I’ve been seeing it for about a week

It’s the company you designed it at and they are running it at a 15% off sale. Maybe it’s because we are friends of facebook? I figured you had just decided to go with it. I mean there are a lot of people out there wanting to become debt free, especially at this time of year. Hey if you make some bucks off of it–go for it! Tom who thought you knew in OK

I feel the purpose of this

ad is to convince people that it’s okay to run up a credit card even if you think you might lose your job because they “have a heart” and will work with you with no hassle at all. A very deceiving ad.
Next on the facebook ads was for women’s financial planning at wife.org it says “a man is not a plan” . What century are they living in? Since when has a man been a plan for the females of the US in modern history? I find that rather insulting. First of all the name wife.org, as if only wives qualify. Next why would female financial planning be any different from male financial planning. You pay cash, plain and simple.
Then of course there are the Capital One commercials with the baby who has more since than the late night talk show host. He simply cannot understand why the baby is saying “NO” to his credit card. The inference being that you are acting like a child if you use a card other than Capital One because they give you so much back.
However, I see the baby commercials entirely differently than they planned. One that the host is not as smart as he thinks he is by using a credit card, that the baby is in fact smarter than he is. Two that he is in fact trying to con and bribe the child into using his card by giving her toys and other treats, but again the baby is too smart for him. Much like their bonus points are a bribe and a con. While I’ve never signed up for a Capital One card I have dealt with them for others and some of my credit cards were sold to them. They are the second worst to deal with (With HSBC—Best Buy being the worst and Capital One just bought my BB card—Lord help me!).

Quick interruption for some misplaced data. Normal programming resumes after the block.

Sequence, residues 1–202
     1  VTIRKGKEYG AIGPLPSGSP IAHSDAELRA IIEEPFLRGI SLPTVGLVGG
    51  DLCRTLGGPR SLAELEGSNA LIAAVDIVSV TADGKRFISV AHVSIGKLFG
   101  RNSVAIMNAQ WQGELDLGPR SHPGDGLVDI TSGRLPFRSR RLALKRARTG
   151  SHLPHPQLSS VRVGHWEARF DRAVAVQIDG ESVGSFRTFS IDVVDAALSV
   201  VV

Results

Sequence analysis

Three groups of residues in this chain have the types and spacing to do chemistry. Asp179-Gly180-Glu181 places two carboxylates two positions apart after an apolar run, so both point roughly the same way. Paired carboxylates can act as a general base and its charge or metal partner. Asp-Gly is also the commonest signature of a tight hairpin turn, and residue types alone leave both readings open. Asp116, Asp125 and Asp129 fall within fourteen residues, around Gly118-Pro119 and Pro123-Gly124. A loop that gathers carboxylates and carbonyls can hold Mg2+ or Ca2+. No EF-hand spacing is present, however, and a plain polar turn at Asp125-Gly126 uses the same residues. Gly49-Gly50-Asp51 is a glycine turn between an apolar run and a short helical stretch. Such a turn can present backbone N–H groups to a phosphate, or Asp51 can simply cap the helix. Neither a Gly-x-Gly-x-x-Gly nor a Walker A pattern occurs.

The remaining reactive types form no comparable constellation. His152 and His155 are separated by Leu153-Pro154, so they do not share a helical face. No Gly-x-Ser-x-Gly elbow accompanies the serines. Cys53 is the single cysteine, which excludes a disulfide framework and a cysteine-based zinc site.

As I listened to the news channel yesterday

an ad for Lifelock came on. Now I’ve heard these ads hundreds of times, but for some reason part of the spiel yesterday caught my ear and made me pay more attention, not because of their product but because of the concept they were peddling.
In the commercial it talks about how someone stole a woman’s identity and ruined her credit and THEREFORE, ruined her chances at EVER having the retirement she had dreamed about. There are two different thoughts on this line. 1) being that she would some how be held responsible for all that debt—which is not true, it may be a hassle, but if you can prove it wasn’t you, you are not responsible for it. and 2) the biggest one that caught my attention was you can’t retire without good credit. That you must have credit cards to be able to retire. What a crock of. Yet this commercial plays hundreds of times a week and it is therefore being tattooed into the brains of the nation. How sad is that?
Another was a print ad I saw on facebook today that says “It has a heart, Discovercard.com” then it goes on to say that if you lose your job they will lower your interest rate or otherwise work with you. While Discover was indeed one of the easiest to work with when we lost our income, the instant lower rates and such did not just appear. We had to miss x amount of payments, and jump through a bunch of hoops and then you are limited to taking one offer or another. Plus Discover was one of the companies that changed the contract in the middle of the deal with us—after we’d been paying for awhile and with no warning.